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Hallgerður and Gunnar

janni in sagafans

Saga men, saga women

So, on the web site for that edition of the English translation of the complete sagas (yes, I'm still thinking about them!), I found this statement:

... Although we invariably find men dominating the foreground of the narrative, the Saga world is also strongly shaped by women: by mothers who instil their sons with ancient heroic values and incite them to noble deeds, by beautiful young women over whose favours poets fight, by women of steely character who rebel against male power and refuse to accept the limitations imposed on them by custom and law.

(The writers go on to posit the The Saga of the People of Laxardal as an exception, and then to trot out the theory that because of this maybe a woman wrote it.)

I've met statements like this before -- I recall one in John Krakauer and David Roberts coffee table Iceland book, where they leave out even the nod to the story even being "strongly shaped" by the women -- and they always puzzle me -- because for me, when I read the sagas, the women are in no way in the background, and are as central to the world and the stories -- and dominant within them -- as the men. But apparently, many readers don't see the same story I do. I can see that there are more men on stage, sure -- but the women, to my mind, more than hold their own with them.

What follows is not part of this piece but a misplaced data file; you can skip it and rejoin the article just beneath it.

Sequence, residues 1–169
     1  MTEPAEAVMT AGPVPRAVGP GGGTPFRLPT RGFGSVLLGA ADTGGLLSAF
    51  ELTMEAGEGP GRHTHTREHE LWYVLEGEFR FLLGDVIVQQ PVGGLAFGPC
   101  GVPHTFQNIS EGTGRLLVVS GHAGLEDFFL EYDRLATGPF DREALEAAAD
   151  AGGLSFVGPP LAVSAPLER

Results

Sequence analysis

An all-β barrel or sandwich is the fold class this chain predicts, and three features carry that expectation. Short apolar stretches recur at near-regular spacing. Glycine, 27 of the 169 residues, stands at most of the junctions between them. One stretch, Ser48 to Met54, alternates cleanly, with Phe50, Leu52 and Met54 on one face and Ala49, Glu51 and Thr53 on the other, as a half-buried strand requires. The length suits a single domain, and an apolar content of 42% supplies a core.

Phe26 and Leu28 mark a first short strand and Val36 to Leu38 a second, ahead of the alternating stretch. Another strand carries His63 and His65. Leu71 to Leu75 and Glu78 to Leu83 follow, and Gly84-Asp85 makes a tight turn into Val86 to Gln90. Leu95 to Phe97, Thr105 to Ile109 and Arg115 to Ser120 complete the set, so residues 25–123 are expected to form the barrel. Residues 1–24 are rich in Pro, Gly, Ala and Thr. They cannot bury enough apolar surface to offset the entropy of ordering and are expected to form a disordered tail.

I wonder sometimes if readers equate wielding axes and fighting battles with dominance, and assume that since the men are the warriors, they must dominate the stories, and unconsciously dismiss the women when they play more domestic roles, interpreting such roles as minor by definition (though I doubt anyone at the time saw keeping the household fed and clothed and not-starving and not-freezing as minor) -- while at the same time being deeply uncomfortable when the women step out of those roles and influence the battles after all.

So is there an ongoing tendency to see the sagas as male stories in spite of their many strong women? Where do you think it comes from? In what ways is it justified, and in what ways is it not?


I am also suspicious that the causality goes the other way: that there's an unspoken but still present prejudice that the things the men do are important, and so therefore the men are the focus because they're doing the important things. Circular. But that's just a suspicion.

I think it's a well-founded suspicion. Archaeology is still excited about hunting, even though it's been soundly proved that in most h-g societies, gathering provides the vast majority of calories consumed. But men hunt more than women do, and archaeology until fairly recently dominated by men, so that's where the attention went, and clearly it was the most important thing.
Hallgerður and Gunnar

January 2014

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